Counties Applaud Action to Improve 9-8-8 Suicide and Crisis Lifeline


WASHINGTON – The National Association of Counties (NACo) today applauded an announcement from bipartisan congressional leaders and Federal Communications Commission (FCC) Chairwoman Jessica Rosenworcel regarding steps to improve the 9-8-8 Suicide and Crisis Lifeline. The FCC will issue a notice of proposed rulemaking on georouting for 9-8-8, a priority for NACo and its Commission on Mental Health and Wellbeing. 

Since launching in 2022, there have been over seven million calls to 9-8-8, making it an essential tool for counties in supporting the mental health of residents. Counties are responsible for providing a robust behavioral health care continuum, and in June 2023, NACo met with the FCC to emphasize that georouting calls to 9-8-8, meaning directing calls based on a caller’s location rather than their phone’s area code, would enable counties better to support the needs of those callers.  

“Georouting calls to 9-8-8 will be a significant improvement to this life-saving system, facilitating faster response times to residents in need while protecting the privacy of those who dial for assistance,” said NACo Executive Director Matthew Chase. “The FCC has taken an important step towards georouting, and we will continue to work with our federal partners as the FCC moves forward with this proposal.”  

The issue of 9-8-8 georouting has been a priority for the Bipartisan Senate Mental Health Caucus, co-founded by Sen. Alex Padilla (D-Calif.) and Sen. Thom Tillis (R-N.C.). Last year, following NACo’s advocacy on Capitol Hill and meetings with the FCC, Sens. Padilla and Tillis introduced the Local 9-8-8 Response Act of 2023, with a companion bill introduced by Rep. Tony Cárdenas, co-chair of the House 988 & Crisis Services Task Force.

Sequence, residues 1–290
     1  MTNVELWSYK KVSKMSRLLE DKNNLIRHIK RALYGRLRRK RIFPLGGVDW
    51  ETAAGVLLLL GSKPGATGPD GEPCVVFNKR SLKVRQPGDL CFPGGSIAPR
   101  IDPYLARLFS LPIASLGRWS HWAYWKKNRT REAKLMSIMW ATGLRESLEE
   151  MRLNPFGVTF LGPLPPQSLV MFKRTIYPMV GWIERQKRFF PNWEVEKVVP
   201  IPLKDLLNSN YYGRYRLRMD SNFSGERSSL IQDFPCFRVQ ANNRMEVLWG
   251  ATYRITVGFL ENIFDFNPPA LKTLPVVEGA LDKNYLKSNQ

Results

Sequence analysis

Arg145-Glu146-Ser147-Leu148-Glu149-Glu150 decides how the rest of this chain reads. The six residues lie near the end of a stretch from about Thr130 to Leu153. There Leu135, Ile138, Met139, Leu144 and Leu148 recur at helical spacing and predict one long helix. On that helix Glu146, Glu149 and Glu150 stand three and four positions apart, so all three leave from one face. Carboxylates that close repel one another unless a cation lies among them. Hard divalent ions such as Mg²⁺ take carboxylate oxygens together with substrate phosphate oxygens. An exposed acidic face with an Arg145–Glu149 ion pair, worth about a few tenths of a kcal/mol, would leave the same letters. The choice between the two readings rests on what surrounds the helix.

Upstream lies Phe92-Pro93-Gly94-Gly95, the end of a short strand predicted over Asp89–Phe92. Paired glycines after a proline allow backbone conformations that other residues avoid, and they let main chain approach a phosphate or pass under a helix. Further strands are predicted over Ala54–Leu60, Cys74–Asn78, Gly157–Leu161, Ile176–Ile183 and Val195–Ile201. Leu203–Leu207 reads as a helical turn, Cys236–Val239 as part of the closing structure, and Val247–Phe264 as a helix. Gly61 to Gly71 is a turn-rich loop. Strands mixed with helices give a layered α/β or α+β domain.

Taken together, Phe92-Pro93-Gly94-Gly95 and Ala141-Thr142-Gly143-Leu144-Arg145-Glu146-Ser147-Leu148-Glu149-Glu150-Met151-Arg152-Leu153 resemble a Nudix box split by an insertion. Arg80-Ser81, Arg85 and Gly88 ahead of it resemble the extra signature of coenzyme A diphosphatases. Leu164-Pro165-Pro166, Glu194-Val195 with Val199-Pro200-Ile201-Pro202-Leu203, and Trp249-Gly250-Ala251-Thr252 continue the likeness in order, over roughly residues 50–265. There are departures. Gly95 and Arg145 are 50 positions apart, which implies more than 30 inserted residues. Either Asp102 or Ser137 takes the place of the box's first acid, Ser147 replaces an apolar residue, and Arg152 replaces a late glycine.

“We appreciate our intergovernmental partners and allies from the mental and behavioral health community,” said Chase. “Our collective efforts will result in better services and outcomes for residents who need critical care during a crisis.” 

Leaders from Los Angeles County, Calif., who have advocated for this measure for over a year, issued statements in support of the FCC’s announcement: 

“Expanding our crisis response network has been one of my top priorities for Los Angeles County,” said Los Angeles County Supervisor and NACo Commission on Mental Health and Wellbeing Co-Chair Kathryn Barger. “9-8-8 has certainly been one of the critical tools that helps ensure we have a care first response to individuals experiencing mental health crises. In my role as Chair of the NACo Commission on Mental Health and Wellbeing, I prioritized 9-8-8 support, and led advocacy for this at the White House and on Capitol Hill. However, local government leaders truly needed federal intervention to ensure those calling 9-8-8 are able to connect with a responsive crisis system that is anchored where they live. I appreciate Congressman Cardenas, Senator Padilla, Secretary Becerra and FCC Chairwoman Jessica Rosenworcel for their leadership and dedication to continue evolving 9-8-8. As a result, lives are being saved.” 

“9-8-8 has been a game changer for how we respond to mental health crises in Los Angeles County, but the way calls are routed has caused problems,” said Los Angeles County Supervisor Janice Hahn. “While I applaud Senator Padilla and Congressman Cardenas for taking up this issue and putting forward a legislative fix, I appreciate that the FCC recognized the problem and didn’t wait for Congress to act. With this announcement, we are one step closer to making sure all LA County residents can get the professional mental health response they need when they need it.” 

Learn more about the county role in implementing the 9-8-8 Suicide and Crisis Lifeline here.

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